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    Published on: July 6, 2009

    David Lazarus of the Los Angeles Times had a column this weekend in which he noted the general astonishment that seems to have accompanied the letter written by Walmart CEO Mike Duke last week to President Barack Obama, supporting a federal mandate that all employers provide health coverage. In his column, Lazarus notes that “Walmart also says it supports a mandate for all uninsured people to buy reasonably priced coverage -- another key element of the healthcare debate.” Furthermore, Lazarus says that a conversation with Walmart spokesman Greg Rossiter left him with the distinct impression that “Wal-Mart apparently remains open to Obama's proposal for a public insurance plan that would compete with private insurers.”

    Not only that, but one of the co-signers on the letter was Andrew Stern, president of the Service Employees International Union, which, Lazarus writes, “has been at odds with Wal-Mart in the past but is aligned with the company on healthcare issues.”

    In addition to general astonishment about Walmart’s position – this is, after all, a company that has been portrayed as being militantly against providing adequate healthcare insurance to its own 1.4 million US employees – there also seems to be a general consensus that the letter makes it harder for others in the business community to argue against the Obama proposals.

    Lazarus does some intriguing analysis about the possible logic behind Walmart’s position:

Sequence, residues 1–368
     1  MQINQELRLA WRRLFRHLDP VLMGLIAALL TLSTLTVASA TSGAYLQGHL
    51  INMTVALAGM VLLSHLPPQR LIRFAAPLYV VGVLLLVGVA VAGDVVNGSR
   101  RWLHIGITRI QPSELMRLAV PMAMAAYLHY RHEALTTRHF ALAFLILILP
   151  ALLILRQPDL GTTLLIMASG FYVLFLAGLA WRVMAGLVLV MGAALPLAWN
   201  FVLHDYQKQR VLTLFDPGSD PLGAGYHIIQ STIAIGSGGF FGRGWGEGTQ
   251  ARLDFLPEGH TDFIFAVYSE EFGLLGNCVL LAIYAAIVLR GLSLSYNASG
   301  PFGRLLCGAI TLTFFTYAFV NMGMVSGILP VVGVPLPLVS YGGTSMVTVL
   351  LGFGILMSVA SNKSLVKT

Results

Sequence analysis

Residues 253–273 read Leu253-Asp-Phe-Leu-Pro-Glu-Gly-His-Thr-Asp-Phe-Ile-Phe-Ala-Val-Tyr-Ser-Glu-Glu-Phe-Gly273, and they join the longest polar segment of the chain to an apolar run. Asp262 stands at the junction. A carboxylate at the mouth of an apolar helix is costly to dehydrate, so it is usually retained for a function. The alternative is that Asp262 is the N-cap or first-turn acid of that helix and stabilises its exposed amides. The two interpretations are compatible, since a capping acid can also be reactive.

“Many healthcare activists are reluctant to go on the record criticizing Wal-Mart for fear they'll discourage the company from continuing down the reform path. But privately, they say it's possible Wal-Mart is backing mandates as a way to head off more onerous legislation. Specifically, the company may be trying to put the kibosh on a ‘free-rider provision’ that would require employers to contribute to individual policies or government programs like Medicaid if workers have no other recourse for coverage.

    “About 52% of Wal-Mart employees are insured through the company, up from roughly 46% several years ago. The rest have to look elsewhere for coverage. Often, coverage ends up being provided by taxpayers. As the nation's largest employer, Wal-Mart would perhaps have the most to lose from a free-rider provision.

    “Another catalyst for the company's born-again reform zeal could be a calculation that its size and income -- $13.4 billion in profit last year -- make it better positioned than rival retailers to withstand the financial burden of a mandate.”
    KC's View:
    In other words, there’s more than a bit of self-interest at work here.

    But that’s okay. Walmart is a public company, and isn’t in the altruism business.

    The thing is, Walmart is doing a very smart thing here - positioning itself as being a “good” company as it continues to rehabilitate an image that has taken its share of beatings in recent years. The rationale almost doesn’t matter if it leads to lower costs and better care. (There will be plenty of people who will argue that some of the health care proposals being made by the Obama administration will do neither. But that’s another argument.)